Local Arabs (or Palestinians, if you’d like) are making Israeli salaries while working in industry in the settlements.
Those salaries are about three times higher than the norm in the Palestinian Authority areas. People there, regardless of their ethnicity or political views, go to work in a friendly environment and take home bread for their children. Those who advocate the end of this local economic base of cooperation and promote its destruction, according to what happened in Gaza in 2005, should make a point of seeing and understanding what it is that they strive to destroy.
I challenge Obama to look into the eyes of Abed, a warehouse manager in one of the factories in Barkan who has worked there for the past 20 years and been able to send three of his sons to university thanks to the higher salary that he makes at Barkan. Abed and thousands of other Palestinians consider themselves lucky to have secure jobs in the Barkan Industrial Park. They do not look forward to having all this closed down, and themselves sent to the lines of social services and humanitarian aid administered by Hamas, as was the fate of the Palestinians who worked for Israeli employers in Gaza.
I suggest that President Obama stand in any of the Jewish communities in Shomron and look down to the west and see the Mediterranean Sea and the Tel Aviv region, which the mountains of the Shomron tower over. Seeing this proximity with his own eyes might help him understand and appreciate the strategic value of Israel’s control of this hilly region. Eighty percent of Israel’s Jewish population lives in the greater metropolitan between Hadera in the north and Gadera in the south.
All are visible in the bird’s eye view from the hills of the Shomron.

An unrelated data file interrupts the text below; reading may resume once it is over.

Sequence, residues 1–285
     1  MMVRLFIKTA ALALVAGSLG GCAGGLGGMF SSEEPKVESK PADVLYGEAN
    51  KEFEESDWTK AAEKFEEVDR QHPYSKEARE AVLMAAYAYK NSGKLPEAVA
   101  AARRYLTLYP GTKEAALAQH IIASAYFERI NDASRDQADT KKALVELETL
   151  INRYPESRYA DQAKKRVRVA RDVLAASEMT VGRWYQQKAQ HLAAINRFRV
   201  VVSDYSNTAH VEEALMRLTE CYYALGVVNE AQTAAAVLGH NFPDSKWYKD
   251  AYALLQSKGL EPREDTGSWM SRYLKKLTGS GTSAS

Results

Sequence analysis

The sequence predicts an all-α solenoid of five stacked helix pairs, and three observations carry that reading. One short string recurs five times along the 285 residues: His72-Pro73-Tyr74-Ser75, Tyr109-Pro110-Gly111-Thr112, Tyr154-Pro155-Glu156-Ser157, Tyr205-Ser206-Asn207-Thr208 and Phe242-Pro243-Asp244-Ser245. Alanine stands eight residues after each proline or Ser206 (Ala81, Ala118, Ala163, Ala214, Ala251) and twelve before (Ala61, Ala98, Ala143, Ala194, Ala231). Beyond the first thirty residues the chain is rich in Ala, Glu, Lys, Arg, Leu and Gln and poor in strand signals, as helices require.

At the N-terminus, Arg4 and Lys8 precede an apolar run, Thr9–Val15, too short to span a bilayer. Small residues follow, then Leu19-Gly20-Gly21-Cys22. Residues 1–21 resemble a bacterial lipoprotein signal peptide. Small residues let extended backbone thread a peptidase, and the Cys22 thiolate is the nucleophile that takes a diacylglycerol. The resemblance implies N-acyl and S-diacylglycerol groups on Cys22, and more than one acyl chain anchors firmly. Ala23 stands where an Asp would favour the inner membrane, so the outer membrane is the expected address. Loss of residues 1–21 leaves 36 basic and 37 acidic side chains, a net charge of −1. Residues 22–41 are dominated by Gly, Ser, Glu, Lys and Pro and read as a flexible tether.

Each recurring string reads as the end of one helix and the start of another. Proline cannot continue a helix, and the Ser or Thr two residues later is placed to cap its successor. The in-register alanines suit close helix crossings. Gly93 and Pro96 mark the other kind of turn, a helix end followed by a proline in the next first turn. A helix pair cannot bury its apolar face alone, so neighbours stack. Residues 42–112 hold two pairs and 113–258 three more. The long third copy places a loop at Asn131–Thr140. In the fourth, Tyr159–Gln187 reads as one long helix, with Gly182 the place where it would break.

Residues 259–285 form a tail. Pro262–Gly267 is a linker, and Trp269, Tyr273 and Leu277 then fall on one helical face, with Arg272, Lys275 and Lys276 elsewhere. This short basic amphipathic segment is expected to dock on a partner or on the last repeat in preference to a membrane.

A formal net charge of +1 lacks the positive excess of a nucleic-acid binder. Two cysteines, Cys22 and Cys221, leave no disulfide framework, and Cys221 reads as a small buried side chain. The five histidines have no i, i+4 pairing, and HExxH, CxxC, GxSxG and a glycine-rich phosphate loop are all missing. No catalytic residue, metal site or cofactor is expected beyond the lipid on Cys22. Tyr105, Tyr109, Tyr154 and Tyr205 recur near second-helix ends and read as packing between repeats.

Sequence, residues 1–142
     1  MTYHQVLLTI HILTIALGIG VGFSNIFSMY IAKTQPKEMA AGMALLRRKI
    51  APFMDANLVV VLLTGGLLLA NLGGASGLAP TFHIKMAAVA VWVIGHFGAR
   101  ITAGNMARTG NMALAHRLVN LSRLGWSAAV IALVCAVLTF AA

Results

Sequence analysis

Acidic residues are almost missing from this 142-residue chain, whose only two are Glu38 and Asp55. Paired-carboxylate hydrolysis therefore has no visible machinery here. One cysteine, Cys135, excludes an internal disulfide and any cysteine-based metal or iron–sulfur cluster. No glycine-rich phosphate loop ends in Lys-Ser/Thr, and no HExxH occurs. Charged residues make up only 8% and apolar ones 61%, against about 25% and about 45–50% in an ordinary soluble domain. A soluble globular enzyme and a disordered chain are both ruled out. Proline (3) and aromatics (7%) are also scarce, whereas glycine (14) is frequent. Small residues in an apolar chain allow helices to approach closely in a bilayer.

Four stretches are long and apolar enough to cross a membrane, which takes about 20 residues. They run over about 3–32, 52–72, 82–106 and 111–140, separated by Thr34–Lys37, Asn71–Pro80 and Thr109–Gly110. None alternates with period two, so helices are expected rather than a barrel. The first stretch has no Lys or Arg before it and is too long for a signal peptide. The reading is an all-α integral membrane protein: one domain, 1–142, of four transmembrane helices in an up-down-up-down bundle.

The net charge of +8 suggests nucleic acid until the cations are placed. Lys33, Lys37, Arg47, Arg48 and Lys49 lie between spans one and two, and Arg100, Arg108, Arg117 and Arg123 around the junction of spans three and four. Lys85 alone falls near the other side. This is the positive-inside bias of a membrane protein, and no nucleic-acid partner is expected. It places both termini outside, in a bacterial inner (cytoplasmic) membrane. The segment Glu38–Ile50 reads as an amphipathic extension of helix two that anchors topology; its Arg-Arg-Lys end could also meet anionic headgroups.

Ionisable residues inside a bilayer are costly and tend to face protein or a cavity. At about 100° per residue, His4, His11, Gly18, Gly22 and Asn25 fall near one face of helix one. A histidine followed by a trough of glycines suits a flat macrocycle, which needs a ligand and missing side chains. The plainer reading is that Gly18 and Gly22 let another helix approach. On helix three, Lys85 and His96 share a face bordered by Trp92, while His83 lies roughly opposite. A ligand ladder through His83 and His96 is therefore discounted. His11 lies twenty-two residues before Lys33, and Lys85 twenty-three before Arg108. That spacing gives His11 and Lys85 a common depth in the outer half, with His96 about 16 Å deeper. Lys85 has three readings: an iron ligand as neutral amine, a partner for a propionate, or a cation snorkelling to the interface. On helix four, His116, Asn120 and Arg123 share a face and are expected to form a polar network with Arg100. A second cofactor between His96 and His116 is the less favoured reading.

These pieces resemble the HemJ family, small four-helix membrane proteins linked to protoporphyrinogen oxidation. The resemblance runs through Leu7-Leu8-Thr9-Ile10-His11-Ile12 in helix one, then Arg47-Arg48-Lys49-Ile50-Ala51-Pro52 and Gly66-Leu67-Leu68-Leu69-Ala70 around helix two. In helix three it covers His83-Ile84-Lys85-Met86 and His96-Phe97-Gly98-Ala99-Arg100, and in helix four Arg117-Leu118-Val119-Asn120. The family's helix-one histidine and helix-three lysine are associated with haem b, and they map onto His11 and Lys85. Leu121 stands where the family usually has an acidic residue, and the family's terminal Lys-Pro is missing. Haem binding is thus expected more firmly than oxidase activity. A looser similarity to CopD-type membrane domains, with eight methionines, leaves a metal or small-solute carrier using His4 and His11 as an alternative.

From here, we look down at the runways of the Ben-Gurion International Airport and can see your plane landing and taking off, Mr. President. Would you advise Israel to entrust this vantage point to the hands of those who have fired tens of thousands of rockets from Gaza at Israeli towns in the southern region? Do you realize that in Gaza, those firing the rockets cannot see their targets because Gaza’s topography is flat? Still, they have caused great damage and loss of life. Would it be wise to consider providing them with the mountaintops of Shomron to look over Tel Aviv and the airport? Workplaces, economy, security and strategic considerations are only part of the story. The amazing success of Ariel University, the organic farms and award-winning boutique wineries are all worth seeing, to help you believe the blessings of the fruits of the land and their connection to the nation of Israel that loves its land so much.
It would be a great shame to overlook the realities on the ground and continue pressuring Israel to make unrealistic moves that could only be counter-productive to the future development of the region. The people who dwell on this land and value it should determine its future. Proposals that are drafted based on foreign concepts, in sterile halls of government thousands of miles away are meaningless. Only standing here, with your feet on the ground and filling your lungs with the air of this land, holy to the people who live on it, can you expect to understand its true needs and hopes for the future.
President Obama, come to Shomron.
The author is the director of the Shomron Liaison Office. Follow David Ha’ivri on Twitter @haivri.